Cycling's best, worst and strangest victory salutes

A selection of the sport's infamous gestures

It's the crowning moment of a race, a career and a lifetime of hard work: a gesture filled with emotion made at the end of an extreme effort. 

Perhaps few have had the variety in their finishing flourishes as Mark Cavendish. Simply because his latest gesture has got everyone talking about them, here's a collection of memorable finishing poses taken from the Cyclingnews archives.


Sometimes winning can be the best revenge, and what better way than to show your feelings to the world than in front of the hordes of photographers that crowd the finish line at the race?

Mark Cavendish (HTC-Columbia) gives an obscene gesture aimed at his detractors after winning stage 2 of the Tour de Romandie.

This one will go down in the history books: Mark Cavendish flips off his critics after a Tour de Romandie stage in 2010. Photo: AFP

Pavel Tonkov flipped off the world after winning a Giro d'Italia stage in 2004.

In 2004, Pavel Tonkov gave the Italians a piece of his mind after he had to fight his way back to the top of the sport for three years after his failed experiment with the Mercury team. Photo: Sirotti

Judith Arndt gave the finger when she took second at the Olympic Games in 2004.

Long before Cav delivered his two-fingered salute, his now HTC-Columbia teammate Judith Arndt gave Germany's selectors the one-fingered version after taking the silver medal at the Athens Olympics. She had a much nicer salute when she won the World Championships a few weeks later. Photo: AFP

The organisers of the 2007 World Championships in Stuttgart tried to keep Paolo Bettini out of their race on suspicion of doping. He was allowed in, won and fired back on the line with an imaginary shotgun. Photo: Roberto Bettini

The importance of the team

Lance Armstrong's memorable 1995 Tour de France stage win

Two days after Motorola teammate Fabio Casartelli's death on the Portet d'Aspet, Lance Armstrong leaves no doubt about who he's dedicating the stage win in Limoges to. Photo: AFP

Bernard Hinault and Greg Le Mond ride to the summit of Alpe d'Huez raising each other's arm aloft.

Hinault and LeMond ride to the summit of Alpe d'Huez raising each other's arm aloft. Or was that just the Frenchman's way of ensuring he stayed ahead of the American to win the epic 1986 Tour stage? Photo: AFP

On his Tour debut last year Brice Feillu makes a fundamental blunder for any Tour stage winner as he forgets to zip up and make clear who's sponsoring his team to be there. Photo: Roberto Bettini

Salute failures

Erik Zabel demonstrates the "I've won, oh no I haven't" celebration at Milan-San Remo in 2004 as Oscar Freire very unsportingly decides not to celebrate at all but focuses on reaching the line first. Photo: Roberto Bettini

Mark Cavendish' salutes got strange when he tried an Oakley tribute

Mark Cavendish' salutes got strange when he tried an Oakley tribute. Photo: AFP

Mark Cavendish claimed this 2009 Tour of California salute was a tribute to his lucky shorts, but chamois-cream maker Dave Zabriskie insisted it was done on a bet to promote his DZNuts product. Photo: Jon Devich

Jimmy Casper had won a few races before his 2006 Tour de France stage win, but it didn't show.

Jimmy Casper had won a few races before his 2006 Tour de France stage win, but it didn't show. We're pretty sure he regrets this particular salute. Photo: AFP

Iconic salutes

Johan Musseuw's 2000 Paris-Roubaix salute was a tribute to his nearly ruined knee.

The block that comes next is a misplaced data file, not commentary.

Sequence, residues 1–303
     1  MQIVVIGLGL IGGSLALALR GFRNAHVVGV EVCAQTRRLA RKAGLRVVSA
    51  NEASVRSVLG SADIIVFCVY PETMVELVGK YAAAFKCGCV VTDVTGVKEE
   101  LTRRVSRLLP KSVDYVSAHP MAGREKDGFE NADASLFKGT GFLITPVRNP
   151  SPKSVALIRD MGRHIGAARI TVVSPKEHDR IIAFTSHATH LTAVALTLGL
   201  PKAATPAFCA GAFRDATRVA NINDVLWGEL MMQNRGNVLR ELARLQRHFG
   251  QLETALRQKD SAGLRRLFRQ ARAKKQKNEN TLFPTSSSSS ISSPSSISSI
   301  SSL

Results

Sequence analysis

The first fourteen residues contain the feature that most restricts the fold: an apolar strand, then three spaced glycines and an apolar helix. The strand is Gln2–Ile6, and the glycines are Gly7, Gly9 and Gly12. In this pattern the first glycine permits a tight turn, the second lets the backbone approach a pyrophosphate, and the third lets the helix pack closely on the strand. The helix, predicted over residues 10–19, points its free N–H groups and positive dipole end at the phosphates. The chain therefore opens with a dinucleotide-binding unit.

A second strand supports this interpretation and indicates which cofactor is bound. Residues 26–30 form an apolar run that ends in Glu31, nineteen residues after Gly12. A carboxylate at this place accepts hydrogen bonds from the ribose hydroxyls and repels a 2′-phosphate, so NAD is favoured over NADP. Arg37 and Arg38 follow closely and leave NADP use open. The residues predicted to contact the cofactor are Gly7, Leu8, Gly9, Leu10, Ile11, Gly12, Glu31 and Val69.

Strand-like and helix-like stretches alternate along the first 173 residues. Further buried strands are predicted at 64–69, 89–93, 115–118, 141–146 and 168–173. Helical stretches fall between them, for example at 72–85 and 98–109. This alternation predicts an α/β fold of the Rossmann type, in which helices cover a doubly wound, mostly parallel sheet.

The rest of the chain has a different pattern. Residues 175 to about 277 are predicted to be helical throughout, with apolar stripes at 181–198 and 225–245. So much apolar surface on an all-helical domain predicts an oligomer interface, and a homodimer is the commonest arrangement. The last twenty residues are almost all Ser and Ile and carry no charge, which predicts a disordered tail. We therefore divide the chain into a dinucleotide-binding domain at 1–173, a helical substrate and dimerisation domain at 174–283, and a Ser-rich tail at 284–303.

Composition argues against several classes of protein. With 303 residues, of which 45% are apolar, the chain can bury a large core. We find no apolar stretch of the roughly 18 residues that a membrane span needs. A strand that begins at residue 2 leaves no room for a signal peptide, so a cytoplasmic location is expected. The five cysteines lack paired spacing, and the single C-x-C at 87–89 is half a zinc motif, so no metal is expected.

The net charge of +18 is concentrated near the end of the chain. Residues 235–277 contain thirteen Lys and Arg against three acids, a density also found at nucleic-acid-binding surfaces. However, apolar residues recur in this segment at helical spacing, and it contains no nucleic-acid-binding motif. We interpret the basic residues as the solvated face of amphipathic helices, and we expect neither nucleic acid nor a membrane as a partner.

No, Johan Museeuw's not celebrating victory in the 2000 Paris-Roubaix with an impromtu version of the hokey-pokey, but pointing out the left knee that was so badly injured in the same race two years before that he almost lost the leg. Photo: AFP

Mario Cipollini would win by such a large margin sometimes he'd check to see if anyone was still there.

 Mario Cipollini frequently won by such a large margin he would look back as if to say "where'd you all go?" Photo: AFP

Alessandro Petacchi won so many stages in 2003 that he began counting each one. He ran out of fingers by the Vuelta.

 Alessandro Petacchi won so many Grand Tour stages in 2003 that he tried counting them in his salute each time. He ran out of fingers by the end of the Vuelta. Photo: AFP

Alberto Contador's 'pistolero' salute is his standard. Photo: Roberto Bettini

Odds & Ends

Cav had to get another mention due to the range of his celebrations last season. Marking the arrival of new sponsor and phone producer HTC by "making a call" was genius. We were disappointed, though, that his rumoured plan to ride over the Champs Elysées finish line brandishing the cover of his autobiography never happened. Photo: Roberto Bettini

Robbie McEwen had a little fun with this "running man" number in the 2006 Tour de France. Photo: Roberto Bettini

Chris Horner gave an odd 'karate kid' style salute after winning a Tour de Suisse stage. Photo: Sirotti

Carlos Sastre pulled his baby's "dummy" (pacifier) from his pocket and put it in his mouth as he won the Tour de France stage at Ax-3 Domaines in 2003.

Carlos Sastre pulls out his daughter's dummy as he clinches victory at Ax 3-Domaines in 2003. Seven years on the Tour is heading back there and we're intrigued to see what the Cervélo leader might pull out of his pocket if he wins there again… Photo: AFP

Juan Antonio Flecha's Robin Hood salute was a tribute to his name, which translates as "arrow"

Juan Antonio Flecha, whose name translates from Spanish as 'arrow', could have got a part in the latest Russell Crowe blockbuster take on the Robin Hood story. Photo: AFP

Filippo Simeoni stopped and lifted his bike after winning a Vuelta stage in 2000.

Long before he'd attracted Lance Armstrong's ire, Filippo Simeoni was best known as the guy who lifted his bike aloft to celebrate victory in the 2001 Vuelta stage into Cuenca. Photo: AFP

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